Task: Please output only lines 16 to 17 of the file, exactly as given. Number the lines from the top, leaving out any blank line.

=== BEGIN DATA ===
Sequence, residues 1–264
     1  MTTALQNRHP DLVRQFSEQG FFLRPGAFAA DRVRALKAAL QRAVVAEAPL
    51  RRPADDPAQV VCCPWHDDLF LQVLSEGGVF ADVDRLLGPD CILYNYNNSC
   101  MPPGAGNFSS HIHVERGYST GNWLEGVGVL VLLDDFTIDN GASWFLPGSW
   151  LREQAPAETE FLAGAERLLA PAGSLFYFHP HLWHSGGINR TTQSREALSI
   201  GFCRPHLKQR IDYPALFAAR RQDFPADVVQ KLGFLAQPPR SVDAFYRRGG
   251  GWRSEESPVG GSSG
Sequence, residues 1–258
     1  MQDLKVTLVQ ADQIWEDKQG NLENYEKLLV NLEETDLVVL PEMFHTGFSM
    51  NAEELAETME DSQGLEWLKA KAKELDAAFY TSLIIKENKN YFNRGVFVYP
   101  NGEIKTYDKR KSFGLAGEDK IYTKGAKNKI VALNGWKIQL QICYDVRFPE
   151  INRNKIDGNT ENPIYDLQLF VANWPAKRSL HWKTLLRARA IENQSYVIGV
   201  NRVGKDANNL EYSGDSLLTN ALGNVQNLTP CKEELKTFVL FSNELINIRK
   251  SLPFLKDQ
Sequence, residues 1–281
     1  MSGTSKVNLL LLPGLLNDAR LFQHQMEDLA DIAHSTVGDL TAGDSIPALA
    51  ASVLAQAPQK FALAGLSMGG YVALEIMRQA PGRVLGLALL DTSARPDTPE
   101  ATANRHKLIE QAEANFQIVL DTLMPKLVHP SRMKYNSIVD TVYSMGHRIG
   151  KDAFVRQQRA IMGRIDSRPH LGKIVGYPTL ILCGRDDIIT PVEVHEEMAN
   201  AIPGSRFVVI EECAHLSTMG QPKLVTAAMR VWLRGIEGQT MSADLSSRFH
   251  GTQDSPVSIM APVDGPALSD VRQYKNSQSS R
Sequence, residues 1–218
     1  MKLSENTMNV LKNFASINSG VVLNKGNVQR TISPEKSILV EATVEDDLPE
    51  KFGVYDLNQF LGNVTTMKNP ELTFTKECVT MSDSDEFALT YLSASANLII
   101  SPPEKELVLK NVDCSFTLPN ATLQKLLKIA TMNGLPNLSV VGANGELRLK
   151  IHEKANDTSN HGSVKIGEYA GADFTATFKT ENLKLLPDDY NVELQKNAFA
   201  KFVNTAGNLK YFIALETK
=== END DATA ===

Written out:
     1  MSGTSKVNLL LLPGLLNDAR LFQHQMEDLA DIAHSTVGDL TAGDSIPALA
    51  ASVLAQAPQK FALAGLSMGG YVALEIMRQA PGRVLGLALL DTSARPDTPE